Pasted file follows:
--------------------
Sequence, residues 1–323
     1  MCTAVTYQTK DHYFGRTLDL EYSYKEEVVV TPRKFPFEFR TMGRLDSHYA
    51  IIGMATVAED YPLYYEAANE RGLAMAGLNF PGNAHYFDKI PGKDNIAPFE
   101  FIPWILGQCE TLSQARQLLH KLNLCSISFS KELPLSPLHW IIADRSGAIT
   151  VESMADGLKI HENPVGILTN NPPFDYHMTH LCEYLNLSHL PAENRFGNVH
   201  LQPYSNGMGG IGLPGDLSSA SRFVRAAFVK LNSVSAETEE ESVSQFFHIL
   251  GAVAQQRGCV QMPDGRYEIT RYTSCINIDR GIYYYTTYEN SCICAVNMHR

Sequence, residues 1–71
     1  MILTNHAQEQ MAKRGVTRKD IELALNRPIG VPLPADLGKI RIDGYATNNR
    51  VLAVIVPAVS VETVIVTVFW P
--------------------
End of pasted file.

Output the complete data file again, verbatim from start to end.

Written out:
Sequence, residues 1–323
     1  MCTAVTYQTK DHYFGRTLDL EYSYKEEVVV TPRKFPFEFR TMGRLDSHYA
    51  IIGMATVAED YPLYYEAANE RGLAMAGLNF PGNAHYFDKI PGKDNIAPFE
   101  FIPWILGQCE TLSQARQLLH KLNLCSISFS KELPLSPLHW IIADRSGAIT
   151  VESMADGLKI HENPVGILTN NPPFDYHMTH LCEYLNLSHL PAENRFGNVH
   201  LQPYSNGMGG IGLPGDLSSA SRFVRAAFVK LNSVSAETEE ESVSQFFHIL
   251  GAVAQQRGCV QMPDGRYEIT RYTSCINIDR GIYYYTTYEN SCICAVNMHR

Sequence, residues 1–71
     1  MILTNHAQEQ MAKRGVTRKD IELALNRPIG VPLPADLGKI RIDGYATNNR
    51  VLAVIVPAVS VETVIVTVFW P